Our group investigates the roles of phosphoinositide 3-kinase (PI3K) enzymes in immunity and infection. Cells of the immune system can express up to eight different PI3K isoforms, all of which have in common that they add a phosphate to the 3rd hydroxyl position of the inositol ring of phosphatidylinositols which form part of the cell membrane. These 3-phosphorylated phosphatidylinositols act as second messenger signalling molecules within cells that control diverse of cellular functions and genetic programmes. Our group tries to dissect the unique roles played by individual PI3K isoforms with particular focus on their roles in B cells and T cells. We also ask what the effect of inhibiting or enhancing the activity of individual PI3K isoforms has on immunity to infections.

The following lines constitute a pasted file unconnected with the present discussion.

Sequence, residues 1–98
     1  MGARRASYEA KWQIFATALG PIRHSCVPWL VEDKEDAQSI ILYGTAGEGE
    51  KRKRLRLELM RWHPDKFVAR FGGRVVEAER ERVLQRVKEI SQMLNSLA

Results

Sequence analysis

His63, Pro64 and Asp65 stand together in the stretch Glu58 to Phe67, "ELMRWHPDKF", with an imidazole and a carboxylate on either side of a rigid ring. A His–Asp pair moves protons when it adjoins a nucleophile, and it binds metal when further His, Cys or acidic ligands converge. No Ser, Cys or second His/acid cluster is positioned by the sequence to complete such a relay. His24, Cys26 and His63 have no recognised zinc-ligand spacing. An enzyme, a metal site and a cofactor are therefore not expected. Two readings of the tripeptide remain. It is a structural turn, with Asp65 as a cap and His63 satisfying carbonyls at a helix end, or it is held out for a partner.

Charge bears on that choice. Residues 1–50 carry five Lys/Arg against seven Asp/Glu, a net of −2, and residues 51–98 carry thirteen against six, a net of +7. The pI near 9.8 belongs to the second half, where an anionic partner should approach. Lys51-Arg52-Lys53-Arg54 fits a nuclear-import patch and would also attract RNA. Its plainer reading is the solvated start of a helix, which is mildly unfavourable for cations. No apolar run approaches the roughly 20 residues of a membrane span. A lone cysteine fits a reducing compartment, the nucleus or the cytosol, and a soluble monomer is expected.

Most of our work to date has focused on the p110δ isoform (sometime also referred to as PI3Kδ). P110δ is a so-called class IA PI3K because it becomes recruited to tyrosine-kinase linked receptors by one of several SH2 domain containing regulatory subunits called p85. The activation of p110δ is one of the first events that happen inside a T cell or B cell when it first is exposed to a foreign antigen. Because p110δ is expressed at very low levels in other organs in the body, it is thought that targeting p110δ with drugs may be an effective way to suppress immune responses without some of the the side effects associated with many immunosuppressive drugs in current use. We therefore work closely with colleagues in pharmaceutical companies who have developed specific inhibitors against p110δ or other PI3K isoforms to help predict and understand the effect of such drugs on the immune system.